The Massachussets Turnpike is dear to me. Back in my last two years of high school, my dad and I logged more than 7,500 miles on the bit of Tarmac that stretches from the Weston tolls to the Cambridge exit and back again. While most of my classes have since retreated in memory, every crack and curve of the Pike sits in sharp relief.
Dad and I were the dynamic duo of the morning commute. At 7:15 we threw our cereal bowls in the sink, grabbed briefcase and book bag, and leaped into the car. As we sped toward the highway, Dad gauged the traffic and set out to beat our best record. In the evening, after crew practice, he swung over from work to bring me home for dinner.
In those minutes at dawn and dusk, the world consisted of him and me and the car that carried us. It was then understandable that the conversation often turned to pistons, torque, r.p.m., and radar detectors. I learned how to change a tire and how to make it home in a blizzard. Dad also showed me how to drive with no hands, but I'm still working on that.
The car ultimately proved a finite subject of conversation, however, and often we would just listen to the hum of the engine. Sometimes this was interrupted by Dad's instruction on the Dow Jones, or I might relay the latest from Mr. Meyers' calculus class. Monologues were definitely allowed: We had the time. Our speech ebbed and flowed calmly as the dividing lines in the pavement passed swiftly beneath us.
Looking back, the simplicity of it seems delightful. Though ``quality time'' and discussion sessions were unknown to us, we created somewhere in those precious hours a common experience. Dad and I finally stood on equal footing and shared something that was just ours - the car. It was our treehouse, and inside it our friendship was sacrosanct.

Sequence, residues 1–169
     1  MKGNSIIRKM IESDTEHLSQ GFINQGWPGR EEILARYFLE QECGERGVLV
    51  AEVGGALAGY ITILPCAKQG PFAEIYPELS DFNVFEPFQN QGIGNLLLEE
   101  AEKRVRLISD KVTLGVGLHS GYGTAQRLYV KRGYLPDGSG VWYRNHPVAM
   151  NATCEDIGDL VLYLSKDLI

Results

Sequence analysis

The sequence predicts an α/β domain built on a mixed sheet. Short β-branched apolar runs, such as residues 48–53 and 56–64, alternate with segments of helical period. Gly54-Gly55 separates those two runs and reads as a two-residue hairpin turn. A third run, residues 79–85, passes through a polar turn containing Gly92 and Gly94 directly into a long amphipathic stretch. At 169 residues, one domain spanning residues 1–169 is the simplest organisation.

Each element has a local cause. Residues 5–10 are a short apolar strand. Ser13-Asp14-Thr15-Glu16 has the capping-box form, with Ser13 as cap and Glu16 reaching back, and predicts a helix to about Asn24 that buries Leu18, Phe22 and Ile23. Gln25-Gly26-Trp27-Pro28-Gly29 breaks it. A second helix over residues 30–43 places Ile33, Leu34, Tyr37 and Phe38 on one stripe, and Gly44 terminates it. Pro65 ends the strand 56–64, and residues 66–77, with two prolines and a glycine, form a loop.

The commute wasn't always harmonious, though. Dad and I often treaded on unfamiliar territory once the discussions strayed from engineering and physics. We clashed over politics, my clothes, his attitude. I spent some car rides in bitter silence.
But the chassis and the seat belts held us together. No walkouts, no locked doors. No room for loud emotions. Just the straight and narrow highway, and Dad's fingers softly resting on the wheel.
Anger was forced to dissolve in the face of our quiet routine, and the hours we drove in peace began to make the few spent in discord seem absurd. How can you resent someone who has told you all there is to know about spark plugs?
When I graduated and left home, our commutes disappeared as inauspiciously as they began. After all, what had brought them about was mere convenience: I needed a ride and Dad was going my way. Yet the miles we shared must not tell the whole story, since these days Dad still offers to take me down that stretch every now and then.